May 302016
 
There was joy and dancing.

There was joy and dancing.

There was joy.

There was singing and dancing and borscht.

There was violence and death.

Ukraine’s Maidan Revolution was a complex progression of populist protest, community gathering, and deadly serious revolution that cost people their lives. Counting Sheep, the interactive “guerrilla folk opera,” brilliantly portrays Ukrainians’ hopes for a better future as they stand up against their corrupt president, their determination that the protest remain peaceful, and then their perseverance as the Berkut (riot police) begin using deadly force against them.

When people ask me, “Are you Ukrainian?” my answer is usually, “Yes, in spirit.” As a lover of Ukraine, I know more than the average American about the Maidan Revolution. I followed Ukrainian news sources daily during the Revolution, networked with friends (existing and new) on the scene, and participated in local protests. I visited Maidan for myself in the fall of 2014, walking along the wall of memorials for the Heavenly Hundred, accompanied by a friend who told me stories about the people who’d been killed.

The protestors face off against the Berkut. The performance takes place against a back drop of actual video footage of the Maidan Revolution.

The protesters face off against the Berkut. The performance takes place against a back drop of actual video footage of the Maidan Revolution.

But after seeing and participating in Counting Sheep, created by Maidan veterans Mark and Marichka Marczyk and performed by Lemon Bucket Orkestra, I understand Maidan even more. In a small (and much safer) way, I feel like I was there in the middle of the revolution. I better understand the moments of joy and community that existed in the reality of Maidan, when most of the media coverage focused more on Molotov cocktails, overturned buses, and walls of fire from burning tires.

This is not a performance to go to as a detached audience member. I was eating borscht with friends (despite going to the performance alone, I’d gained new Georgian, Ukrainian, and anti-Putin Russian friends by the time it started). I was tapping my foot to the music and laughing with the dancers. Then, wham! A Berkut slaps a baton in front of us and we’re forced to flee as a battle breaks out. I joined in building the barricades, frantically passing tires from one person to the next to create a protective shield between us and the guns of the Berkut.

Audience members take cover behind makeshift shields

Audience members take cover behind makeshift shields

The security of having the barricades in place brings a respite—and a wedding celebration. I swallow my last bite of vareniki and toss my plate away as I’m flung into a wild wedding dance … and then the shots ring out and we flee again.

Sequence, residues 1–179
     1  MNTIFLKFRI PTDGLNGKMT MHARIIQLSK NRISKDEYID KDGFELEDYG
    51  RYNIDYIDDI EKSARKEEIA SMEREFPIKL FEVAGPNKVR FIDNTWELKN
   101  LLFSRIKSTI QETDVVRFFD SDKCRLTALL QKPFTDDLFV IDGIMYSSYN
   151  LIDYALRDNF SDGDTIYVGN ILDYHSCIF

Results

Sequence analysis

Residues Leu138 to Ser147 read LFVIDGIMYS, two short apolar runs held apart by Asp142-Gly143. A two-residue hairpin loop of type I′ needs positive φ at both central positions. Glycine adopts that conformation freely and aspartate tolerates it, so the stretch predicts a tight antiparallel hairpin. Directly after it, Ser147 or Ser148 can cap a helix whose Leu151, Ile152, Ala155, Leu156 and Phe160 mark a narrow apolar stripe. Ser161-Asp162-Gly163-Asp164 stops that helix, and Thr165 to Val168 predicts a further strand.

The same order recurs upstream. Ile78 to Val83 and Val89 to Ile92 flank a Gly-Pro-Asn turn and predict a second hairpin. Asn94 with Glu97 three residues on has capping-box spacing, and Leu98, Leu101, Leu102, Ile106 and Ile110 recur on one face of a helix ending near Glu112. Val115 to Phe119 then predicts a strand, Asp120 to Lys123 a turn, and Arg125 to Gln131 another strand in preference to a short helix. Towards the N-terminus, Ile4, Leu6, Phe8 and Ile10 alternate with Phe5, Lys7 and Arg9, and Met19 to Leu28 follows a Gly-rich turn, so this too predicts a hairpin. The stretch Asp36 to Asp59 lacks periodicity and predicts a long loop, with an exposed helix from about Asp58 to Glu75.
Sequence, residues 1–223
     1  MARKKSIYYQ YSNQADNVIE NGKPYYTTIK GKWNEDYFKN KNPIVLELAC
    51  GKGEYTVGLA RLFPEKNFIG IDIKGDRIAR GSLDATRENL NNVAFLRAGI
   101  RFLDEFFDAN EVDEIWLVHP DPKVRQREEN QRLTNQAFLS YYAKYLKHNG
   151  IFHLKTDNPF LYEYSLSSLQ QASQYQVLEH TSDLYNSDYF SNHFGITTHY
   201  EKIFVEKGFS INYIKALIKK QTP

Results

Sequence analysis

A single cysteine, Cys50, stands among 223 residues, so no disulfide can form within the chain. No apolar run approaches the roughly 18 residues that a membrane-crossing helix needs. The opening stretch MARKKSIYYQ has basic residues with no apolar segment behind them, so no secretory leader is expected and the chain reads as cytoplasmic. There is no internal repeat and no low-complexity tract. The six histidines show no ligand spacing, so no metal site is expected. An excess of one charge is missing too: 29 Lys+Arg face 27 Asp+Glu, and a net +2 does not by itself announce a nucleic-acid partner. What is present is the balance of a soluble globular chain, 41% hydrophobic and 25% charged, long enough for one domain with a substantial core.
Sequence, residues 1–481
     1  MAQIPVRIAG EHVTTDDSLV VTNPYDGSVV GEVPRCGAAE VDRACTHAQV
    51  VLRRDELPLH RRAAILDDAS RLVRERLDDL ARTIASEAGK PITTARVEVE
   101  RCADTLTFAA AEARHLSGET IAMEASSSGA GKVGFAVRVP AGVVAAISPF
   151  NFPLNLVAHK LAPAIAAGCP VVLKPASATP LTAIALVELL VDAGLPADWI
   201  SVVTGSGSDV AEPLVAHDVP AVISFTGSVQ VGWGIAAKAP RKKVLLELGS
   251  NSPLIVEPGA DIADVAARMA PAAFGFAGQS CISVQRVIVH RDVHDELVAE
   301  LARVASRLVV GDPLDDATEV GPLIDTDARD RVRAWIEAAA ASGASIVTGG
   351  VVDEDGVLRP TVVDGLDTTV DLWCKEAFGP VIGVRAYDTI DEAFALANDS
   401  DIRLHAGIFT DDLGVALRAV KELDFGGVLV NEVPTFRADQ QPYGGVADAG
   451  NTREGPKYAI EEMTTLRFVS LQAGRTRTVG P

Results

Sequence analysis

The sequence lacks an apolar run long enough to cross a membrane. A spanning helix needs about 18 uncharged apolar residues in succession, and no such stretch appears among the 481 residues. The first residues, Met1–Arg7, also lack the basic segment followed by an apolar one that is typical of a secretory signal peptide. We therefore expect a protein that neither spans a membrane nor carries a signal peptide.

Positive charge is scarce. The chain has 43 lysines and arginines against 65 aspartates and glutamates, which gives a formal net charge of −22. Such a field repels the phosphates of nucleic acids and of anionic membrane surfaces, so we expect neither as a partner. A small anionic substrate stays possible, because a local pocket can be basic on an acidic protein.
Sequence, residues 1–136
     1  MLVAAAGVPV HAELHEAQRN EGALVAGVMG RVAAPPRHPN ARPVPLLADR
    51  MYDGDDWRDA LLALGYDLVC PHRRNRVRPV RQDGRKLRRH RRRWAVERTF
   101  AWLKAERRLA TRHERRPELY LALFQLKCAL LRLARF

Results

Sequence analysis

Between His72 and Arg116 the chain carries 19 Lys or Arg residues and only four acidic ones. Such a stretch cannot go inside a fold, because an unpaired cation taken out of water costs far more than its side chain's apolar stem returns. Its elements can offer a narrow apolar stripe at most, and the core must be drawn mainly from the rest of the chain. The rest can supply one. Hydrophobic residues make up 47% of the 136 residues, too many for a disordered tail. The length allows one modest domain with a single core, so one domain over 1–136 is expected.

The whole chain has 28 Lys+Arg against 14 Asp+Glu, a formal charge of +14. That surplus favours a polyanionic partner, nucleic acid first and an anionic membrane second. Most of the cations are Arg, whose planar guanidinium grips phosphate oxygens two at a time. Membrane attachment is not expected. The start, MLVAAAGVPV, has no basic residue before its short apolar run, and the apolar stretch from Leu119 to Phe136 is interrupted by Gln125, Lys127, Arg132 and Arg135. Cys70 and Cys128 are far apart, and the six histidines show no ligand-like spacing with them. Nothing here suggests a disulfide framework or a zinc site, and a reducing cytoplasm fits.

I think the most poignant point was that moment of realization when it became clear that all the protesters’ idealistic hopes, all their joy at working together for a brighter future for Ukraine, had resulted in death by sniper fire; peace and joy had turned to war and mourning.

20160528_212957_resizedThe performance ends as we walk in funeral procession for those killed at Maidan, and then continue on to eastern Ukraine (actually a room in the basement of the venue), where the remaining “sheep” take up arms to defend their country from Russian invaders. Ukrainians have long been an enduring people—war, famine, Soviet oppression. Maybe their very need to endure has been the reason that they seize joy so fiercely. But Maidan turned long-suffering endurance to a hardened resoluteness to fight for freedom.

The deaths at Maidan may have been a loss of idealistic hopes, but they became the birth of a determination never again to let dictators and corruption rule their lives.

Counting Sheep helps you experience the joy and the terror of revolution.

Playing in Toronto through June 5, and in Edinburgh, Scotland, in August.

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20160530_133650_resizedIf you don’t know the story of Ukraine’s Maidan Revolution, it started in November 2013 when then-President Yanukovych refused to pursue an association agreement with the European Union. It ended in February 2014 with the deaths of about 100 protestors from government sniper fire. Within days, Yanukovych had fled the country and an interim president was installed until elections could be held. In March 2014, Russia illegally annexed Crimea and invaded the Donbas (eastern Ukraine) under the guise of a Ukrainian separatist movement. Crimea and the Donbas continue to be occupied by Russia. The government, under a newly elected president and Parliament, stumbles toward reform.

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